If you’re preparing or storing food that you then serve to the public, there are rules and requirements you must follow, even if you just have a small cupcake business.
Whether you’re running a part-time cupcake business from your kitchen, or if you’ve just decided to open your very own cupcake shop, food hygiene and safety is of the utmost importance.
Across the UK, every year people die because of food poisoning or bacteria contained in food. While employers must ensure that their staff are properly trained for handling and preventing contaminated food, there is no law that states those preparing food must hold a qualification.
Smaller businesses and cafes that only offer cakes and prepare cold food like sandwiches or salads often don’t see the need to follow strict health and safety procedures. However, small kitchens used in these scenarios are just as likely to contract potential bacteria as restaurants, manufacturers and other food-related businesses. For example, fatal bacteria like Listeria can be found in salads and dairy products, which is why it is so important the correct safety procedures are followed - no matter what the size of your business is.
Should you want to operate your cupcake business from your home kitchen, you must prove that you have completed a Basic Food Hygiene course. You can do this online whenever you get the chance and the cost of this is relatively low. Once you have completed this, you will receive a food hygiene certificate, which proves your cleanliness and food safety within the kitchen.
If you are baking cakes or making other types of food infrequently for charity or other community events, you are not required to hold such a certificate. According to the Food Standards Agency (FSA) “there is no rule banning the sale of homemade cakes at school fêtes or other community events.”
Under food legislation introduced in 2006, there are strict rules that apply to employers regarding where food is prepared and handled. Even the smallest of cupcakes businesses must be able to prove in writing what they do to ensure food is safe for consumption.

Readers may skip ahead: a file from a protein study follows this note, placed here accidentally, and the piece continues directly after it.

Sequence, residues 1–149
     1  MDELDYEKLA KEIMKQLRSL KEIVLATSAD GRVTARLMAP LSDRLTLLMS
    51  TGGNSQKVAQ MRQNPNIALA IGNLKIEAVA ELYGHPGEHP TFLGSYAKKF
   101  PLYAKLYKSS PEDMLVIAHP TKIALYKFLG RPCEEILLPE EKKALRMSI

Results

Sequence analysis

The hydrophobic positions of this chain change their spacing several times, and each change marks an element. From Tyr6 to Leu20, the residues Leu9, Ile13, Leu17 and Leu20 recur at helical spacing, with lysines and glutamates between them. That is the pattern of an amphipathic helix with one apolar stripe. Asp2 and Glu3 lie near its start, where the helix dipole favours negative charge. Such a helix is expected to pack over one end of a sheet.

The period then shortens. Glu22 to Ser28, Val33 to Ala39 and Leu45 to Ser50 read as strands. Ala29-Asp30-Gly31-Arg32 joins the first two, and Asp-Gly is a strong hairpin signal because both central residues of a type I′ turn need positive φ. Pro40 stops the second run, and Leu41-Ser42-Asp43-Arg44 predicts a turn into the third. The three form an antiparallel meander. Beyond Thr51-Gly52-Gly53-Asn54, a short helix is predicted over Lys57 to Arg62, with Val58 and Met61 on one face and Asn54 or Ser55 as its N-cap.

Even though a person preparing food is not required to hold any type of qualification, they must be provided with supervision and training. You can do this by finding accredited courses online. You can also provide ‘on the job’ training yourself, however inspectors and the Food Standards Agency (FSA) recognise accredited qualifications over this as it shows them that you and your staff have been trained at a certain level, to a particular standard.
If you have a retail business but also want to sell food, you should have a food safety management system. The detail within this system depends on the size of your business, so if you only have a small company this will only have to be simple. However, it is important to note that the person in charge of the food management system must have sufficient training.
Once you have registered your business with a local authority, the environment health department will give you a visit to assess the food safety and hygiene of your premises. Before this, you can contact the health department to gain advice and guidance on specific queries relating to food safety.
Once they have visited you they will deem your business safe and hygienic or give you a number of recommendations to improve before you open your business.